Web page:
USPrimetimes was built by a Sportsman - Conservationist from the ground up and from the field, literally. To help other sportsman gain a better understanding of the rhythms of nature. And of course, to see more Wildlife and Fish.
This site was started on a hunch in 2003. Mark observed some relations to Predator activity, the Moon and Sun while performing a Ranch Depredation experiment in Arizona several years earlier. Funding was secured to study the subject further.
After field observations in many locations a Prototype was built in 2006. It was then compared against a multiple Camera System (over 8) which included custom Camera traps, advanced Audio technologies that are unique (a Wildlife Caller builder whom is the most respected by wildlife professionals wants to buy it), Weather Stations, and field observations in the Helena National Forest until 2008. Results confirmed the relationship.
The system was rebuilt for realtime use where performance and stability were the key requirements. From the Astrophysics computations, Decision Engine and User Interface, to the server OS and supporting server software. All were manually rebuilt and/or recompiled for the task. This hard work paid off with response times ranked in the top twenty percent or better Worldwide by Google. It is important to note the server is a basic workstation with one Dual Core Processor and little bandwidth, doing tens of thousands of computations a day and serving hundreds of thousands of pages per month, not to mention all the other stuff it does. For the skeptics out there, it can all be proven to the right interested parties. It also has the added benefit of four year old child proofing, at least so far.
During the final in depth testing phases, USPrimetimes was formed in 2009.
The Forecasts presented on this site are based on a combination of the Solunar Theory and a decade of Field Study in the Arizona and Montana backcountry on Predator-Prey interactions.
About Developer Mark Vitt
Mark has been building software since 1982 and have been broad ranged from BIOS/OS/Network level to Decision Engines and Websites on varied platforms. Many different languages have been used to build these projects from Assembler to PHP. Mark says he "learns at least five new things everyday, even in the woods"
Some of his works are/were distributed from CNET, SourceForge, Novell Netware Manager v2, Ziff Davis, JCSM Retail, among others, and include OpenSource contributions.
Killer DOS Utilities, Prentice Hall Computer-QUE (Simon & Schuster), By Allen Waite. Contributed Network Disk Information (NDI.EXE) Neat Stuff for Windows, Brady Books (Simon & Schuster) By Corey Sandler and Tom Badgett. Contributed Text Watch, A MS-Windows INI utility (TWE.EXE)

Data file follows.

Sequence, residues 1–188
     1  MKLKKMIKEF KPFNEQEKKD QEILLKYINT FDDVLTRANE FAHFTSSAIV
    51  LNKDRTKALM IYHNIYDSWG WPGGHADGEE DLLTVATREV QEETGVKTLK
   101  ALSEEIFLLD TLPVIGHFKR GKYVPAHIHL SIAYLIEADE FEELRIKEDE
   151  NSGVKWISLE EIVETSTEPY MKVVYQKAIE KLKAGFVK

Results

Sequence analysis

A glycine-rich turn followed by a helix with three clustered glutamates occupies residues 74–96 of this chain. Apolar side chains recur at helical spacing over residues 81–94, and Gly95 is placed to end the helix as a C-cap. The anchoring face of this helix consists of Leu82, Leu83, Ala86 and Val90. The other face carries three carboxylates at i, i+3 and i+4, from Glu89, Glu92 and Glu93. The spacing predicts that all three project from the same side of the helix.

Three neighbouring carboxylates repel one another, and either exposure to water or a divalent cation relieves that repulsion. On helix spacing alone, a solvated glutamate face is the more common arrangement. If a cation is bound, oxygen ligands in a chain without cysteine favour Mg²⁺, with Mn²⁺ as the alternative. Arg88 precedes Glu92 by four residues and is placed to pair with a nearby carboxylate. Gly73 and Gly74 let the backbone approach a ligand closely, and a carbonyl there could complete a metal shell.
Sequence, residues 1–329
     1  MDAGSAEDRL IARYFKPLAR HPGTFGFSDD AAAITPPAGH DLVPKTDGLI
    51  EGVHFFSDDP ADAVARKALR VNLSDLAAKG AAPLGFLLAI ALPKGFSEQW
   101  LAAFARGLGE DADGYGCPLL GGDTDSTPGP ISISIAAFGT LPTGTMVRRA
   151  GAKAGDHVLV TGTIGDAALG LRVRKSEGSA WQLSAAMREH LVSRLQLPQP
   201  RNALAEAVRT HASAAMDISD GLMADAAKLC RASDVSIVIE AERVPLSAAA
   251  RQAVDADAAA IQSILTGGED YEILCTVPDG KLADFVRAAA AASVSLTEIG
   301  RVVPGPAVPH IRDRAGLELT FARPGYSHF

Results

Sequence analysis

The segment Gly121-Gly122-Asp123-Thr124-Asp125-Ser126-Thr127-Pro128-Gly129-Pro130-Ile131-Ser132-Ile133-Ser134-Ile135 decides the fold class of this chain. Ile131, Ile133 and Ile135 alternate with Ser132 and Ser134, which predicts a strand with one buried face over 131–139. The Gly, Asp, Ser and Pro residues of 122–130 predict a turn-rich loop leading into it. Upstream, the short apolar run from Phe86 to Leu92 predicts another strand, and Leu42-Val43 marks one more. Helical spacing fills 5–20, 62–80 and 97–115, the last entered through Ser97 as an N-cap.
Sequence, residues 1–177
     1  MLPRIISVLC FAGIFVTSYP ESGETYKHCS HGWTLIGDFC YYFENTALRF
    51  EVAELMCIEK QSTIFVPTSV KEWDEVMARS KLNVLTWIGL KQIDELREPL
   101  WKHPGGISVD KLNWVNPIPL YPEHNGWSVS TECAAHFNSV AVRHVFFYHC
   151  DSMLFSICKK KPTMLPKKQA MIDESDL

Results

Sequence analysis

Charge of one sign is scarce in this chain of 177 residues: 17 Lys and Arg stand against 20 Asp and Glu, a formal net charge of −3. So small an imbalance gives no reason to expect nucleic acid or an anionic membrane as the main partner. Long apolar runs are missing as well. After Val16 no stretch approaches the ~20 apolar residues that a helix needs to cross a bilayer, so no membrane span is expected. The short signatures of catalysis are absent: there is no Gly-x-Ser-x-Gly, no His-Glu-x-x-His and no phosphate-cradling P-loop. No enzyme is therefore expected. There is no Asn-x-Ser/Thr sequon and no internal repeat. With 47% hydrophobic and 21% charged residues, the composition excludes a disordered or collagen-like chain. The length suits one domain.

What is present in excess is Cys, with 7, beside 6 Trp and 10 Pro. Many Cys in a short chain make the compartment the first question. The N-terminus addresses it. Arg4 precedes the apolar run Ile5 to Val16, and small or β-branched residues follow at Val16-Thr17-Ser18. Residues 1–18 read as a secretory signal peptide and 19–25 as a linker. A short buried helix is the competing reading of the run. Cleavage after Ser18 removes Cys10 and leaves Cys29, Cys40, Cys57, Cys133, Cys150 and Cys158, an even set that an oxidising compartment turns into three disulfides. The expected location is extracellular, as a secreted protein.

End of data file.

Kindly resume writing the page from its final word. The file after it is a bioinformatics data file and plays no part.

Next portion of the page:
Contributed Undocumented Technical Information for the following books: Network Interrupts, Addison-Wesley, authored by Ralf Brown and Jim Kyle (Netware API portion) UnDocumented DOS - 2nd Edition, Addison-Wesley, authored by Andrew Schulman (SDA/DTA Interaction, Credited on Interrupt List diskette)
I began spending a great deal of time in the outdoors from an early age and have lived in many rural and remote areas from Sub-tropical Rain Forests, Low and High Deserts, to the Rocky Mountains. The late nineties to 2013 were spent in the Arizona and Montana backcountry alone, working on software, or with the family in the heart of the Helena National Forest, Montana. I have been bitten by almost every species of spider in North America FYI: Size doesn't matter with spiders. Met some curious Bobcat, Cottonmouth, Elk, Fox, Frog's, Javelina, and many other critters on my journeys. Contributed my time and expertise to Bottlenose Marine Mammal Research, Wildlife Audio Research, and other Wildlife projects related to Predators.
Although I gain a lot of satisfaction working on software and USPrimetimes, being alone far from any pavement or other modern things is my favorite place to be, mostly just to see what the Wildlife and Fish are doing.
Mark currently resides outside of Florence, AZ spending most of his time on software development and teaching the little ones the wonders of the wilderness.
Smelled this cat about twenty yards before stumbling onto this track and quickly looked back before pulling out the camera and taking this picture. In true Mountain Lion form it was walking away looking back at me and vanished down a canyon. Funny thing is I stopped at the smell and looked around, then moved on thinking it was lingering due to the fresh rain.